When Samuel looked and saw an outwardly impressive guy, he thought, “This is the man.”

He thought Eliab must be the one that God had chosen to be the next king. Samuel had to learn that God accepts heart over talent. It’s easy for us to believe that we will be accepted by others based on what is on the outside — like if we are cool, smart, attractive, or popular.

When I was in the fourth grade, my friend Jason was bragging about his mom’s new car, a Pontiac Firebird Trans Am. He was saying it was just like the car from the movie “Smokey and the Bandit.”  All my other friends thought it was the coolest thing. 

Then Jason asked me, in front of everyone, what kind of car my dad drove.  I was thinking of saying a station wagon (which was the truth), but when I opened my mouth, out came “Ferrari” (just like in Magnum P.I.).  Everyone listening erupted and shouted, “That’s so cool!”

I can remember feeling accepted and cool but just for a moment. I soon felt insecure again.  

Reflection question

  • What have you done or said in your relationships in order to be accepted?  

Insecurity #3: Am I valued?

13 The same thing happens to everyone who forgets God.     The hope of ungodly people dies out. 14 What they trust in is very weak What they depend on is like a spider’s web..15 They lean on it, but it falls apart.     They hold on to it, but it gives way.

Job 8:13-15 NIRV

Imagine falling, and the safety net you grab onto is a spider’s web.

How secure will you be? This is what insecurity is like, putting unwarranted value in something or someone other than God. This choice causes us to feel unsure, uncertain, and unprotected.

I got my value from my achievements as an athlete in high school. I received lots of awards, recognition, and attention for my abilities. So when I went to college, I assumed my talents would still shine bright.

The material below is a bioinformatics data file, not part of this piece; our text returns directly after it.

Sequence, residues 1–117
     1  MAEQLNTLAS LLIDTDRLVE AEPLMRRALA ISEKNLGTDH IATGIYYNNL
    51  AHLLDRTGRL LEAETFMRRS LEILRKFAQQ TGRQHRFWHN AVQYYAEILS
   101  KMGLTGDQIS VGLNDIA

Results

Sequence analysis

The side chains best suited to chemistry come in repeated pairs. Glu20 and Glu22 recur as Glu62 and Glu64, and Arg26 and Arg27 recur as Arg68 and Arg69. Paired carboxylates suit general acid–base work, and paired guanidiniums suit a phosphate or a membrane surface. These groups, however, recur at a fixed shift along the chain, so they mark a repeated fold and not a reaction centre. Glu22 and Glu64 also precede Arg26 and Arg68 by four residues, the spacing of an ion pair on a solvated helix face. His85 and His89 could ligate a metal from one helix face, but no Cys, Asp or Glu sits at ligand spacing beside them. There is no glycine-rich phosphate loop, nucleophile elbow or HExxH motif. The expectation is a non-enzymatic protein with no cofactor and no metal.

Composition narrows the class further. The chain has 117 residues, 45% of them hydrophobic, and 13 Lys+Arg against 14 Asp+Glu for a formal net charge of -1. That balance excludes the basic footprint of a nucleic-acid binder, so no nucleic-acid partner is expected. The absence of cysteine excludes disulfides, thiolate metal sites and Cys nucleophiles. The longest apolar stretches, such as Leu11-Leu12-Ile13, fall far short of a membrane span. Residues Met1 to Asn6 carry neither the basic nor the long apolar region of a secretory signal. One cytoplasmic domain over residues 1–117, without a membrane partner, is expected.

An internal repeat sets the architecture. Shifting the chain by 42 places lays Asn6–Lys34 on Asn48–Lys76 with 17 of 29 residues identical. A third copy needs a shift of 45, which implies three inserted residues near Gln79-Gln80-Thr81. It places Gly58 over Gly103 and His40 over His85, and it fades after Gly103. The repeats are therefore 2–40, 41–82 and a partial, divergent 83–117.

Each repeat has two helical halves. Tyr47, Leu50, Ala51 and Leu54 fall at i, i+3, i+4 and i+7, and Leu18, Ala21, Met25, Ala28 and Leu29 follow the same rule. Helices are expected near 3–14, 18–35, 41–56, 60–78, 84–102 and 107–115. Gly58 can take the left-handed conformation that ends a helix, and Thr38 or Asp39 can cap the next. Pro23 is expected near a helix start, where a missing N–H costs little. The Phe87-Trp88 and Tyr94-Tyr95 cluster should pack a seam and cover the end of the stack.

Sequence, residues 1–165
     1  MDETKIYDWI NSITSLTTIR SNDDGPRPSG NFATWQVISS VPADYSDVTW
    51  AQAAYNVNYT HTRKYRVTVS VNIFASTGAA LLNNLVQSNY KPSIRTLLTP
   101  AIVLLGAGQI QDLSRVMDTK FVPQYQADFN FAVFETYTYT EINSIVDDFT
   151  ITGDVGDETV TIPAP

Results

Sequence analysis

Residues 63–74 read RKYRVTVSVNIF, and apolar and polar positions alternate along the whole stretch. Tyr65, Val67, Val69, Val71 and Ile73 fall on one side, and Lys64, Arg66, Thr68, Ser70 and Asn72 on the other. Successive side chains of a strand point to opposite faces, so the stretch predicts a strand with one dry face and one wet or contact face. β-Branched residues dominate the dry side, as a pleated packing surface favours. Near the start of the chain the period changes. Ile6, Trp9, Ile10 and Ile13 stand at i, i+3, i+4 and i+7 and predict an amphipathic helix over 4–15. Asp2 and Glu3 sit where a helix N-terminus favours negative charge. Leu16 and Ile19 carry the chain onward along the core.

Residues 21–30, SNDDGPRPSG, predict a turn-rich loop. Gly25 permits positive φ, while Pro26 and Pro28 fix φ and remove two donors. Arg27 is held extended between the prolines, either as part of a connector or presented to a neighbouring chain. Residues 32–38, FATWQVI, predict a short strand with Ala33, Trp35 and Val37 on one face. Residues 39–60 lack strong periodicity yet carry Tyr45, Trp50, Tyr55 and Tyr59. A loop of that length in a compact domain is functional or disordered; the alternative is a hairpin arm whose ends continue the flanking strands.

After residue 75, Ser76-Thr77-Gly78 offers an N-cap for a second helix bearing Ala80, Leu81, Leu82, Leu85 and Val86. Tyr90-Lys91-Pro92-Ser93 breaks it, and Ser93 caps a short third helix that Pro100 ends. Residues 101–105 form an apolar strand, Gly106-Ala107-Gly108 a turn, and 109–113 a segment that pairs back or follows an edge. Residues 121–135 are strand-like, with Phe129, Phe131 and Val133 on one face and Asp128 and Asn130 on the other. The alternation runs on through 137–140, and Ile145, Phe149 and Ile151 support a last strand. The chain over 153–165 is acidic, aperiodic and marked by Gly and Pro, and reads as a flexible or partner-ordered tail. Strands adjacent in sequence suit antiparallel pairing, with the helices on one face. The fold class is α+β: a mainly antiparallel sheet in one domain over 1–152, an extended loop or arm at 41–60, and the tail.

My first day of weightlifting was a rude awakening. I stood in line and watched with fourteen other guys in my position as each one lifted 225 lbs on the bench press, ten times. I was the last one in line and thought “I got this!”

I attempted to lift the weights off the bench, and they would not move. I started hearing lots of laughter and comments.

Then I heard the coach say take off 90 lbs and see if he lifts that. Even then I was barely able to do two reps. I felt humiliated, embarrassed, and unsure if I could play college football.

This is what happens when we value and trust in something fleeting like human talents and abilities over God. You may not be into weightlifting, but I’m sure you have a story of your own that you can think of that helps you understand the futility of putting your confidence exclusively in your talents or abilities.

Reflection question

  • Where do you get your value from?

Insecurity #4: Am I loved?

Everyone longs for love that never fails. It is better to be poor than to be a liar.

Proverbs 19:22 NIRV

No matter who we are, where we come from, our level of talent, or our age, one thing we all have in common is that we all want unconditional love.

One of the most uncomfortable things for me to talk about is love. I would rather talk about mistakes, failures, sins, and even anger than to express my desire to be loved and feel love from others.